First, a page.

The deal is hard to miss and available to those who walk up and order on the spot, which today seemed to be nobody, at least at this location. As well as the hashtag, I did ask if there was a Treasure Truck Snapchat filter, but the crew told me they’d had to drop that idea as Snap couldn’t accommodate the fluid location requirements.

So here I am, treasure in hand, internally reconciling the loveliness and novelty of the purchase experience while being aware I’m a grown man stood having photos taken with a funfair truck in a windswept car park.

About an hour after getting the notification, I’m back at base with my new stash.

So what do I think of Treasure Truck?

  • The checkout process was as simple and slick as anything else that Amazon do, but I was a little disappointed that the piratical ‘treasure’ and carnival themes (a little bit of indecision on the creative direction there perhaps?!) didn’t carry through into any of the copy or design of the notifications, emails, product pages or checkout. It was all Amazon standard.
  • The actual location of the truck was not very convenient (nor attractive) and I ultimately had to leave my desk for an hour at short notice for a free pair of decent headphones, when I could have got the watch delivered free of charge through Prime.
  • What it absolutely did achieve was triggering a purchase decision where I had already been close to buying, but needing that final push.
  • I enjoyed the theatre of the truck itself and the staff was as friendly, helpful and enthusiastic as you would hope. The extra Fitbit freebies and support were also nice touches.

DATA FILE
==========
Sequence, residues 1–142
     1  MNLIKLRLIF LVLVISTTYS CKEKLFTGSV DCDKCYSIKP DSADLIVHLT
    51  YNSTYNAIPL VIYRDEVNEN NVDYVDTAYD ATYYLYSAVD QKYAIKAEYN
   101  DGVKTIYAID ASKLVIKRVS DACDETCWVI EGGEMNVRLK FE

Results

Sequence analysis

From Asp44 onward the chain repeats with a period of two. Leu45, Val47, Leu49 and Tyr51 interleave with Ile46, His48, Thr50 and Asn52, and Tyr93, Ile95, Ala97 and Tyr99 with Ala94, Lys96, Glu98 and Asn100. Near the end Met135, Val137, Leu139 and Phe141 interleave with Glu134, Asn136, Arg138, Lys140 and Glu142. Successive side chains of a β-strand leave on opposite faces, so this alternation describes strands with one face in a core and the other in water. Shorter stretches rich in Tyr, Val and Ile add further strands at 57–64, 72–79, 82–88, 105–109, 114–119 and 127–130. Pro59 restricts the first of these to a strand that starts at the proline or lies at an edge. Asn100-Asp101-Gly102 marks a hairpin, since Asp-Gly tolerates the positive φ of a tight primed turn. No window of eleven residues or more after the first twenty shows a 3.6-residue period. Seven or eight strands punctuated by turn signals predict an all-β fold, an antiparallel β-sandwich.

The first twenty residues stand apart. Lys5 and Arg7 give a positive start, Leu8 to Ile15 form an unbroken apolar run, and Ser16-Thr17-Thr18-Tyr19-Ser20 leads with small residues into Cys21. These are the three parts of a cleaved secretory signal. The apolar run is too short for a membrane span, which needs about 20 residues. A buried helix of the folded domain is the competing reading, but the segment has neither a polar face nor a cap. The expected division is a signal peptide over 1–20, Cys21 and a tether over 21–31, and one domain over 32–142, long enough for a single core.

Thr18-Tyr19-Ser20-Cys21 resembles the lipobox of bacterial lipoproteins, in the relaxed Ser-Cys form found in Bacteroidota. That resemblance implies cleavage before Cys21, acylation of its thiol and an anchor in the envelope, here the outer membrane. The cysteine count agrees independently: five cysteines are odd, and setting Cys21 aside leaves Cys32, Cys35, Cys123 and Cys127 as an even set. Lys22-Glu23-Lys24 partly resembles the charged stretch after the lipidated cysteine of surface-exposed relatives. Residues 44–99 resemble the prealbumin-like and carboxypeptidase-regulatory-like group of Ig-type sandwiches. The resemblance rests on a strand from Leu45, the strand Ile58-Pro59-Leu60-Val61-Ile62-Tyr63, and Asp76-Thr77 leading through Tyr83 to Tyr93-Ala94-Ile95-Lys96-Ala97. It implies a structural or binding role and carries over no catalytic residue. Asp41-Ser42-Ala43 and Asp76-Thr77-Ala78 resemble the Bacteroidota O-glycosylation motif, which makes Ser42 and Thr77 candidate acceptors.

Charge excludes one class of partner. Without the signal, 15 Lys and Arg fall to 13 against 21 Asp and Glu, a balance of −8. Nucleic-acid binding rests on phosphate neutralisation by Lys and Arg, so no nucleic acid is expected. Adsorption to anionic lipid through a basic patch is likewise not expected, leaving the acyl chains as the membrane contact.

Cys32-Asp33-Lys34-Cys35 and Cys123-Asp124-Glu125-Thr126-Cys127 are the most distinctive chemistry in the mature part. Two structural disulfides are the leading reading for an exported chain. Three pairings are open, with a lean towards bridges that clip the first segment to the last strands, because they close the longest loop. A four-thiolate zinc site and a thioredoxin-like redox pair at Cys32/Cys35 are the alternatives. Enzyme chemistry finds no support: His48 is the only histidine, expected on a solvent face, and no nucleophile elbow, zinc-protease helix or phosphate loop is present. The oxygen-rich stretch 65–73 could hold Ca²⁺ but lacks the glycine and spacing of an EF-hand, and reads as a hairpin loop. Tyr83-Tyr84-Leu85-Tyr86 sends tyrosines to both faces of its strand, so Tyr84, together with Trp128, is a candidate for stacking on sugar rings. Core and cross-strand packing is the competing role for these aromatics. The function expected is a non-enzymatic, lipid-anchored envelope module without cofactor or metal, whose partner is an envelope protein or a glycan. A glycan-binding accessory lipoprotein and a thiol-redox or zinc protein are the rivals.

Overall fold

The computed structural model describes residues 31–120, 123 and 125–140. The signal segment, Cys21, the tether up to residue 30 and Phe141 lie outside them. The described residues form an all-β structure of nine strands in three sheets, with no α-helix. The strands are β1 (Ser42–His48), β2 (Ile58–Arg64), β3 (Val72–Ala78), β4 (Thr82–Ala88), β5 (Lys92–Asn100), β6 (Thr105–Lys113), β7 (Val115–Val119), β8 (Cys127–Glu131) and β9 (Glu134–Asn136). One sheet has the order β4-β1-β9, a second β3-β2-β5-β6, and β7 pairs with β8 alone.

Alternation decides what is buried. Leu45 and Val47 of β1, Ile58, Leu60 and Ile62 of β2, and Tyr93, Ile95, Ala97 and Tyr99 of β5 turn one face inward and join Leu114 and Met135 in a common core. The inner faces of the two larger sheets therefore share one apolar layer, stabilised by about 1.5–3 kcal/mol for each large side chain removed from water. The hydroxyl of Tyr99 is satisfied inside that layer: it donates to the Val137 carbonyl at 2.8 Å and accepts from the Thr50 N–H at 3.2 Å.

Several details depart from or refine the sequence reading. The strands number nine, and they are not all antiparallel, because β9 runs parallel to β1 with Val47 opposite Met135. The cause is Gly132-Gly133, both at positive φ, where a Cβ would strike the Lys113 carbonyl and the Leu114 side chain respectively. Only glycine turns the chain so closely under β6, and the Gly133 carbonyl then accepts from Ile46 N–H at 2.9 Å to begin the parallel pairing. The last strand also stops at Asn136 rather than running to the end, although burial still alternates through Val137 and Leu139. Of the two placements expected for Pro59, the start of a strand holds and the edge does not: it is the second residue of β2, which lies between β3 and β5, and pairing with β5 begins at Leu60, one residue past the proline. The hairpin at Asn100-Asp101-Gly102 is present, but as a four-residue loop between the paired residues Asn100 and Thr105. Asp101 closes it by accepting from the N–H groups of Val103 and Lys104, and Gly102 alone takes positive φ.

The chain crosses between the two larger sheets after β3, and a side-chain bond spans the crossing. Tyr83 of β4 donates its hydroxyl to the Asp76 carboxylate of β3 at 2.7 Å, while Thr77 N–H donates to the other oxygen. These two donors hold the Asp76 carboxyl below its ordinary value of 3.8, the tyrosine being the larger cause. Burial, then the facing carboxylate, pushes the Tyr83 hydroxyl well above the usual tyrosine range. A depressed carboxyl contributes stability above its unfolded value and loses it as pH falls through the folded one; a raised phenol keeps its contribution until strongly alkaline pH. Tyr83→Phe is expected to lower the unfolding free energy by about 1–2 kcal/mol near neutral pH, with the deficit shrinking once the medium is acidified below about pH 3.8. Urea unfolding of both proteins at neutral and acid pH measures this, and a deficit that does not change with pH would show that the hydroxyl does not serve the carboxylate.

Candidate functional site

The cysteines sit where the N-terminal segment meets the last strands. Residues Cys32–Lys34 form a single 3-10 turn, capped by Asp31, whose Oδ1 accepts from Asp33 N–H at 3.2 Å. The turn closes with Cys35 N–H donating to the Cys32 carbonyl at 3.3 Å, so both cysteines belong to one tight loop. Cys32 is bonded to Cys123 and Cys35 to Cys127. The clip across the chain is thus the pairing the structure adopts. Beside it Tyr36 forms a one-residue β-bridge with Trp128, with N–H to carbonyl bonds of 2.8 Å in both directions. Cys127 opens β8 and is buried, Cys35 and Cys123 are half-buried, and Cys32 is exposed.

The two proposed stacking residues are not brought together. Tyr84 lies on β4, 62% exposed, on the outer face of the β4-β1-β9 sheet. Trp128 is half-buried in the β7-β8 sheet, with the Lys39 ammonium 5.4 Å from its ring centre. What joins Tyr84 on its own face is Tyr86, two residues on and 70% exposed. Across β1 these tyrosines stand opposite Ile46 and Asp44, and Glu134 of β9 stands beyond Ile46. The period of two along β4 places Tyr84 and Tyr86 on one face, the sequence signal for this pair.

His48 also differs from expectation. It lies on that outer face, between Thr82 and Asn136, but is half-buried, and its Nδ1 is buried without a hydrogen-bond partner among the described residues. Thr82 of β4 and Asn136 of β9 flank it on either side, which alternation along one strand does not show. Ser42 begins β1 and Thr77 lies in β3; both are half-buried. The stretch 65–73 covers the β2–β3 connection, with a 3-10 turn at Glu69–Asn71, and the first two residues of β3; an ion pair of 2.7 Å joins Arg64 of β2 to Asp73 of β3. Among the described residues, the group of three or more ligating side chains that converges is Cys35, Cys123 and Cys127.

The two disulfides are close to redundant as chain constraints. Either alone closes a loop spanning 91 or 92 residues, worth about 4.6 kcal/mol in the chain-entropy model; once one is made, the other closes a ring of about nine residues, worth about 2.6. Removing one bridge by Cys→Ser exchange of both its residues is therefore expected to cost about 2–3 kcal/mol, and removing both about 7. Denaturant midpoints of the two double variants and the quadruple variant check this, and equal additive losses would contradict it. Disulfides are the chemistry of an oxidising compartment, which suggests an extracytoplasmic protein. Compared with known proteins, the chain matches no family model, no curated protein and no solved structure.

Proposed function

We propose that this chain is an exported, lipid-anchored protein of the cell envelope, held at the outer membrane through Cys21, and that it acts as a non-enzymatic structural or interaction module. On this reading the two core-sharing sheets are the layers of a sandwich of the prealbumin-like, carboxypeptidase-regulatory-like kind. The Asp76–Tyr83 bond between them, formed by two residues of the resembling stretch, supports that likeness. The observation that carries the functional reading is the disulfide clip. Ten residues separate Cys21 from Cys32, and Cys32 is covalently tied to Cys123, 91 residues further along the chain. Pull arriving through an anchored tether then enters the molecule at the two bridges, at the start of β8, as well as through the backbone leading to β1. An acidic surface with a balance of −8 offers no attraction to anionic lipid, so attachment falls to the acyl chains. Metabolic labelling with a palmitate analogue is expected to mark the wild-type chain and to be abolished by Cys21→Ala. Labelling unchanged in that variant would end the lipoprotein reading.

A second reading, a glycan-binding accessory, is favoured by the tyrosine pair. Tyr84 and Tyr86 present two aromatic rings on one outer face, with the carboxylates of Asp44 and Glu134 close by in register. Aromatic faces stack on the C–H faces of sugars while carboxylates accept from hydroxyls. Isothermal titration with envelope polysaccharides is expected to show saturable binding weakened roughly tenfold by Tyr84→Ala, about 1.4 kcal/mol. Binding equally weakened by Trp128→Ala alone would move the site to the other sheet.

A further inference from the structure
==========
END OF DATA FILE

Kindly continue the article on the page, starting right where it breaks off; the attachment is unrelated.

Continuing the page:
• Did Amazon target me because I’d been considering an Ionic in December? Were the offer and location today created by an algorithm based in part on my individual purchase intent? Did they know I was near the location when I got the text? Understandably the team on site was not able to answer on specifics, nor tell me how locations and timing are decided other than ‘by data.’ However, they did tell me that I was likely to be notified of any and all offers ‘inside the M25’, implying that there isn’t a lot of targeting going on in the background.
  • I felt the mechanics of ‘we will be in your area for 1hr’ added a bit of urgency and excitement to the experience, but ultimately were inconvenient and limit how this concept can scale. Rather than the logistics of setting up a truck for one hour 3 times in a day, I’d prefer to see the truck parked at a (more aesthetically pleasing) single location for a whole day. This would allow social and word-of-mouth to build a bit more buzz and FOMO around the truck with enough of a time window for new customers to get involved, probably making a trip from their offices at lunchtime or after work. Also, the logistics would allow a lot more props and theming to get those pirate-y Instagrams (or is it funfair-y tweets?) flowing.
  • The relatively low awareness and need to pre-register are also stopping Treasure Truck reaching its intended zeitgeist quotient I feel; this would work better as a buzzy talked-about experience rather than a well-kept secret.

This is an interesting move from Amazon, a brand that is ‘operational excellence’ and ‘slick customer experience’ to the core but rarely indulges in fun or socially-engaging activity. And this was definitely a fun experience, albeit one that I wouldn’t repeat unless it was an offer I was desperate for or the truck was parked right outside my location.


Or for a pirate Snapchat filter…



About Author

Piers Drake

Piers Drake is Head of eCommerce, OMD EMEA, joining in late 2017 to evolve OMD’s eCommerce practice across all our clients. A former client of OMD, he also founded a crowdsourcing startup a decade ago and has held senior Digital and eCommerce roles at Sony, Samsung and Western Digital. He brings over 15 years client-side experience integrating eCommerce and marketing teams, including launching Samsung’s first ever eCommerce platform in 2012. Passionate about developing end-to-end customer experiences, Piers is also a keen cyclist, snowboarder and father-of-three.